Throughout my childhood I was never far from a sewing machine. We had a sewing machine at home, one of those old-fashioned sewing machines: a sturdy, black iron thing, with a foot pedal to turn the wheel. Later on, my mom bought an electric pedal and attached it to the sewing machine so it whizzed rather than clickety-clacked, but I always preferred the slow, steady rhythm of the foot pedal. Until I was about nine or ten, most of my clothes (school uniforms, dresses, blouses) were sewn at home, either by my mother or a seamstress she hired.
None of that sewing rubbed off me. My sister takes after my mother; she could always make the smallest, neatest stitches. I, on the other hand, did messy, clumsy stitches. I don't know if I was less coordinated or had less patience, but I could never really work a sewing machine (or hand-sew, for that matter) like they did. My seams were never straight or even, and don't even get me started on the buttonholes! I managed to make a simple sleeveless blouse and skirt in my senior high school year, and when The Pea was born I sort-of-stitched together a crude quilt, but that is the extent of my sewing career. I do have a sewing machine buried somewhere in my garage; it belonged to my sister, who gave it to me when she moved back to the Philippines.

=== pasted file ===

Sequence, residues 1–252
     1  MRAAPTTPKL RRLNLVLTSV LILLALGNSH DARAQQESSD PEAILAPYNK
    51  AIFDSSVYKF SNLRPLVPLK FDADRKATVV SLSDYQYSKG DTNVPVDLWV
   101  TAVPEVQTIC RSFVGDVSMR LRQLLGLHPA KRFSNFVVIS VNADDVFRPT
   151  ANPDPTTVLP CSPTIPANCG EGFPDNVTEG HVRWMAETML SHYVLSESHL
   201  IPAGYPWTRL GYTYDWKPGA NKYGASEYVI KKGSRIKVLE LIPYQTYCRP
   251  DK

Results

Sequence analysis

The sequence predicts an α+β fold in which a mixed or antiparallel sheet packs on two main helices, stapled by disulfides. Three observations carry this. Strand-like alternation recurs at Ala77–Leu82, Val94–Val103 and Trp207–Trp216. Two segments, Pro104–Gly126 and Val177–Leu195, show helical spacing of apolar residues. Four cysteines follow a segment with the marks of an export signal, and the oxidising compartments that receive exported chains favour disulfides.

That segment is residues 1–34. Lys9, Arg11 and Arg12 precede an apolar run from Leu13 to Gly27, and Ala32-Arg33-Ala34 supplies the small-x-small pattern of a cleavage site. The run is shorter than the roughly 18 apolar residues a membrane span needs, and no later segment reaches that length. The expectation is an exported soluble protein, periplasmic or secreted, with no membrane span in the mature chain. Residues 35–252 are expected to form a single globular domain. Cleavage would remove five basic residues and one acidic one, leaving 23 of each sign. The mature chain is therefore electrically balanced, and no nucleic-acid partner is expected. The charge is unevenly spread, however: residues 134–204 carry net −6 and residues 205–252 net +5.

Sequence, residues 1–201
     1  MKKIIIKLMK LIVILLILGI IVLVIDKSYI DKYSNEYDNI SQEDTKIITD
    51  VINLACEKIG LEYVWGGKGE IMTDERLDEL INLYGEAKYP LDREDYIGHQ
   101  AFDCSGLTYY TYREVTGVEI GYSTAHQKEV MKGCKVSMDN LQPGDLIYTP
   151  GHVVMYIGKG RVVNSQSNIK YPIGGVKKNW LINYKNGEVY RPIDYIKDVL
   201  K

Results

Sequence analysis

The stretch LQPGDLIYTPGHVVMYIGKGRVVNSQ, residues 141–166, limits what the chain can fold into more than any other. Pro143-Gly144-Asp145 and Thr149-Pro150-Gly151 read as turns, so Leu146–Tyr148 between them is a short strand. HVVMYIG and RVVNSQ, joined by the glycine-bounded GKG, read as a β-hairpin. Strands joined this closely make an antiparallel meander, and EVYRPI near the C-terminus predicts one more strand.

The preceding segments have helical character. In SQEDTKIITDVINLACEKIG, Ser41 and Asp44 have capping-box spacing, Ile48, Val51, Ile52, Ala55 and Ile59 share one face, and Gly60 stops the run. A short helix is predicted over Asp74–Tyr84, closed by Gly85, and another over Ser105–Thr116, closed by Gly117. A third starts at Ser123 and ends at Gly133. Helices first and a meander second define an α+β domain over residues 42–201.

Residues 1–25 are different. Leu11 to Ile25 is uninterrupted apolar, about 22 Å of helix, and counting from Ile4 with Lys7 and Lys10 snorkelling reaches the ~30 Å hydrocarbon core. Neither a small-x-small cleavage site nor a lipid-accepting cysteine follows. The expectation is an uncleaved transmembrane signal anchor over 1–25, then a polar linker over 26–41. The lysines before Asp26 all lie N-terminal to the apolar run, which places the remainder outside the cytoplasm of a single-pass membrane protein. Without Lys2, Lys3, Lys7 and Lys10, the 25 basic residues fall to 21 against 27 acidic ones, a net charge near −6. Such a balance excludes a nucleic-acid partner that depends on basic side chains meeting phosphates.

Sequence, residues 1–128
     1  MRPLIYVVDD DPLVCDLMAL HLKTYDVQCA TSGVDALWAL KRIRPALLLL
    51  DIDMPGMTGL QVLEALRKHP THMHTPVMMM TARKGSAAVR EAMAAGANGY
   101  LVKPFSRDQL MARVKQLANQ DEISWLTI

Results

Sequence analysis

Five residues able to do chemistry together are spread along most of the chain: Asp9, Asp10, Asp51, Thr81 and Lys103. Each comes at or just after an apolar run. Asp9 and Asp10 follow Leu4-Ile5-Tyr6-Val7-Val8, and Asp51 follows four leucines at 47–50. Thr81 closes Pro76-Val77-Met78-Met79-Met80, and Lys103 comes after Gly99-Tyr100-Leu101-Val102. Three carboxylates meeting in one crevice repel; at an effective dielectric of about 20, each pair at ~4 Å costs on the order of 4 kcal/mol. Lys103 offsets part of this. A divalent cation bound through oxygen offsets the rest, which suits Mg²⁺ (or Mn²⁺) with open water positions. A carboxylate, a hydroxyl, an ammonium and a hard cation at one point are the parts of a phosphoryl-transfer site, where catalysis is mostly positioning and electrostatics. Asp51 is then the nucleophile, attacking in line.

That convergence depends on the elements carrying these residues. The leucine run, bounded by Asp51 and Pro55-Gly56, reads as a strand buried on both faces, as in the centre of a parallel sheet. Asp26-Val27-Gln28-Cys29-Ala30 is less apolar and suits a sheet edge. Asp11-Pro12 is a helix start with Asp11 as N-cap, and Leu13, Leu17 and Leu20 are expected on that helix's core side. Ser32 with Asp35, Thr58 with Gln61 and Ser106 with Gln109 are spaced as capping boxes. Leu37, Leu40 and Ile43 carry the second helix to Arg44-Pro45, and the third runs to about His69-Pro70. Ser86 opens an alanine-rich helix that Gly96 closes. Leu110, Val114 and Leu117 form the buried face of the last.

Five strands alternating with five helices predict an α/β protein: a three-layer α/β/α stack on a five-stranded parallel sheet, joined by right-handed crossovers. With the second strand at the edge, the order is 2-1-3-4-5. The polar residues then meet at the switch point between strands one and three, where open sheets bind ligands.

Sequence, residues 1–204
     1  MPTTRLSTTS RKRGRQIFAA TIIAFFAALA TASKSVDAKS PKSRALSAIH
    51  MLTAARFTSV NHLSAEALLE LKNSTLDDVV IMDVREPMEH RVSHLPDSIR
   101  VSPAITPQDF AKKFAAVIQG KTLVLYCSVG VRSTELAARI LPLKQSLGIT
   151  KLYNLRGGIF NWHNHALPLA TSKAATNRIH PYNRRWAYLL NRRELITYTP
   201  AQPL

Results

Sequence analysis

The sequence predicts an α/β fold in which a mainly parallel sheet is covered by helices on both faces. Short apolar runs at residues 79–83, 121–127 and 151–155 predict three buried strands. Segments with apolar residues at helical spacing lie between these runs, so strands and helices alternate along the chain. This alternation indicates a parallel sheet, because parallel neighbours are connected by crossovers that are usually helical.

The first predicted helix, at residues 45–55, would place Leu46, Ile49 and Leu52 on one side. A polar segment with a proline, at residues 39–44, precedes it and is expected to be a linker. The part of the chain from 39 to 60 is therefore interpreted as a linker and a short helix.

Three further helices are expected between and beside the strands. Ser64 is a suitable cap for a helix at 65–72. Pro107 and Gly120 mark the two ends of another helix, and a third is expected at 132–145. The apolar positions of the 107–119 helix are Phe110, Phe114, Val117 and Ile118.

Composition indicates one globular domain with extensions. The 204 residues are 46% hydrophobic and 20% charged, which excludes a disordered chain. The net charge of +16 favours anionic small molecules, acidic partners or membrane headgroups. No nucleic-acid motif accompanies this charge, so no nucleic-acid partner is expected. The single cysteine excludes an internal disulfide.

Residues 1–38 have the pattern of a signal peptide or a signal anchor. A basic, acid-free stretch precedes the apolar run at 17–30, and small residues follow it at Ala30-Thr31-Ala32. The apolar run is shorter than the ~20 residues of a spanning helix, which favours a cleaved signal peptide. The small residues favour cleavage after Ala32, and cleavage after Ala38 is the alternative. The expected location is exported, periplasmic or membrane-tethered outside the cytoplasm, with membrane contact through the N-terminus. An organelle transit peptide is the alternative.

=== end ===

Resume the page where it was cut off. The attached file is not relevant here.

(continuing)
Now The Pea wants me to dig it out. She's learning how to use a sewing machine at camp, and her mind is exploding with ideas and sewing projects she wants to complete. Stuffed animals, scarves, dresses.... Uh-oh. Maybe I should dig out my old high-school blouse and skirt instead, to show her exactly how much I can help her with this. The dress she is making at camp already looks better than mine did.
This is definitely not a case of like mother, like daughter, and for that I am thankful. More power to you, kid.
Check out what The Pea has been stitching together at Galileo Summer Quest on Bonggamom Finds.
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